Out of everything I’ve read on Afghanistan this past week, this piece in The Atlantic will stay with me. Ian Fritz spent 600 hours eavesdropping on the Taliban for the US army. But it wasn’t until the end of his tour that he understood what they were telling him.
There was a lot of vaccine one-upmanship here in the UK. (“Oh, you got AstraZeneca? Bad luck, I got Pfizer.”) So it was interesting to read this chart-filled article on the waning efficacy of different vaccines over time (it seems Pfizer’s efficacy wanes faster).
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Rana Foroohar is on leave and will return in September.
Edward Luce responds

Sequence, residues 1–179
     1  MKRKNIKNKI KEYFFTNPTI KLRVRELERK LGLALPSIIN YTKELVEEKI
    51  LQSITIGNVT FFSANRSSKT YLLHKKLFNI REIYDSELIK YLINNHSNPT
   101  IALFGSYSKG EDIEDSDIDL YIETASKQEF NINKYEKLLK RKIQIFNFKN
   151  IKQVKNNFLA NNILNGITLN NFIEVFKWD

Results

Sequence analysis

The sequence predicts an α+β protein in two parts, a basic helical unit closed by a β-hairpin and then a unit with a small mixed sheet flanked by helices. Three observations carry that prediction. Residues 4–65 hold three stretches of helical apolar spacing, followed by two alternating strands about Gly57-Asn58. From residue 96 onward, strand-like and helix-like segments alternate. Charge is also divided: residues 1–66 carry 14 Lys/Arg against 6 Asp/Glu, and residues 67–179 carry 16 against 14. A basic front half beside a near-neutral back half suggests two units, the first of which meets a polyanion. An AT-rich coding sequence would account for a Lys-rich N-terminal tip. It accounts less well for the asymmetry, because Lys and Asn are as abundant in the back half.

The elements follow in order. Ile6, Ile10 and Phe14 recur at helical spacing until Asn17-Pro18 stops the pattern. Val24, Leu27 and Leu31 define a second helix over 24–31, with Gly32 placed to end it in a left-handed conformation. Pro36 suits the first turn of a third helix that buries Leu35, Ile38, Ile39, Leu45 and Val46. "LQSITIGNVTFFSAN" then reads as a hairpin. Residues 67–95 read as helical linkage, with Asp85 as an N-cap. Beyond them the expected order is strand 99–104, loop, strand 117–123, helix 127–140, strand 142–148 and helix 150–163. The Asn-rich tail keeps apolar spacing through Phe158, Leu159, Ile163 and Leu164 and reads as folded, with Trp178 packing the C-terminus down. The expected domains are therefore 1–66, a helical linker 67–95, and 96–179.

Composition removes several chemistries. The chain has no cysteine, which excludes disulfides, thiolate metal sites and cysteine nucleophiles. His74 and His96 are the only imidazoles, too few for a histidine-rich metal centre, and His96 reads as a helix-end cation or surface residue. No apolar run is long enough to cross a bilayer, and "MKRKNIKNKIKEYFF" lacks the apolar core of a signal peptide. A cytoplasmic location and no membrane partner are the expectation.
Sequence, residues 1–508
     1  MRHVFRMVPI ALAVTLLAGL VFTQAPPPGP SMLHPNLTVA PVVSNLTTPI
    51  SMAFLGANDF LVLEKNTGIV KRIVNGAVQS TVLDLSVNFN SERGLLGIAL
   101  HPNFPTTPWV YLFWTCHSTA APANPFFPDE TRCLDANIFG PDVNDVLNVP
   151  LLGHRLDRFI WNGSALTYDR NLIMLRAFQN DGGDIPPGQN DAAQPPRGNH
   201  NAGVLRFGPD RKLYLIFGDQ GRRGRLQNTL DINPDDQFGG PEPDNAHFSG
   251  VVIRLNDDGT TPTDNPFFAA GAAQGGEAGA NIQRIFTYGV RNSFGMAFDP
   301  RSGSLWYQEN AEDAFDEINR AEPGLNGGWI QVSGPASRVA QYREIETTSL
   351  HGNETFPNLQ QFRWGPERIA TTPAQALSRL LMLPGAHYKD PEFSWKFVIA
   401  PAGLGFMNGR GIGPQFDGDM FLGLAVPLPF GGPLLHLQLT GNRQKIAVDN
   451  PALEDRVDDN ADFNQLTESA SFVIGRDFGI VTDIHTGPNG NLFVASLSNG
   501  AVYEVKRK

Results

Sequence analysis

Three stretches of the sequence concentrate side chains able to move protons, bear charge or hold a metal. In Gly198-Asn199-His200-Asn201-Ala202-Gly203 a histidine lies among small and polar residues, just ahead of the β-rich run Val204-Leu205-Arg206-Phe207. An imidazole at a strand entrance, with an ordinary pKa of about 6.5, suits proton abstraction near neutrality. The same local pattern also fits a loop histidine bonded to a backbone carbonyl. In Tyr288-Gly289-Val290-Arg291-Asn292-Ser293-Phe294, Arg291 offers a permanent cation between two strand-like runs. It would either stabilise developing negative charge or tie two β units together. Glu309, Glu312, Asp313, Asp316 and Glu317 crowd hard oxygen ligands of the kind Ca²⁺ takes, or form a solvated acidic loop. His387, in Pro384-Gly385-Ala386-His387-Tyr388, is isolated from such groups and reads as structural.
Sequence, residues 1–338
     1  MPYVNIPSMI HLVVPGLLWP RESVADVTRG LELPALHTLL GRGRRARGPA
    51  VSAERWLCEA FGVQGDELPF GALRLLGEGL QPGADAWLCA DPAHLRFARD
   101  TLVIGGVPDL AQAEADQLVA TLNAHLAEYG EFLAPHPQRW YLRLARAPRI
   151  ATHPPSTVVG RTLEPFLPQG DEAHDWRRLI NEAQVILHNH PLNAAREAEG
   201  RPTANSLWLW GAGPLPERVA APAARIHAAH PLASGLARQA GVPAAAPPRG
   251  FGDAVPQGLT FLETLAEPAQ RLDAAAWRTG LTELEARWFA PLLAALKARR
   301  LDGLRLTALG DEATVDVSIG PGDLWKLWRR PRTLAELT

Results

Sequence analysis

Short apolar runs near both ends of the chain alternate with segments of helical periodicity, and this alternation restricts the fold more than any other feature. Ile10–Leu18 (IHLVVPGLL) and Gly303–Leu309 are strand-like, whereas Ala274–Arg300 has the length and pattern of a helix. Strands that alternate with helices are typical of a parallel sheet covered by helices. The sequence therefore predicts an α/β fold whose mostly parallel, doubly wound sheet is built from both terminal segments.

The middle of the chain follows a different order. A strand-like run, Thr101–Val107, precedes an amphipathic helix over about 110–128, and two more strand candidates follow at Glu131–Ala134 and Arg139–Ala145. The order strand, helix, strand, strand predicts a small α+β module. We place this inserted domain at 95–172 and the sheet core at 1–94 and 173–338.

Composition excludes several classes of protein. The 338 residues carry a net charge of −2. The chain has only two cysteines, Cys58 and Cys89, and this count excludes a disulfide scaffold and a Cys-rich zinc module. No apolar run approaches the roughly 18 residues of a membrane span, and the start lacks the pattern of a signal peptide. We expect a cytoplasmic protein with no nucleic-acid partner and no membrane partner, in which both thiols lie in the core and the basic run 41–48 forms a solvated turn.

Sarah, my teenage employment years were so traumatic they are almost a repressed memory. You’ve pushed me to unlock them. One Christmas I plucked turkeys at the local farm. This involved putting the live turkey upside down on a hook and strangling it then plucking it clean. I think I caught an early version of Covid because the masks were feeble. I quit. I don’t like eating turkey. I was fired from a waitering job at the local Happy Eater — a British roadside chain of breakfast cafés — after I spilled a large milkshake on a mother with two kids. She was very nice about it and said she only lived a few minutes away and left her kids at the booth while she went home to change. On her return, I was told by the manager to bring her a milkshake and two free ones for the kids. I slipped on the old unmopped milkshake and covered the whole family with the new batch. The mother wasn’t as generous in her reaction this time. I fared somewhat better doing temp clerical work in London.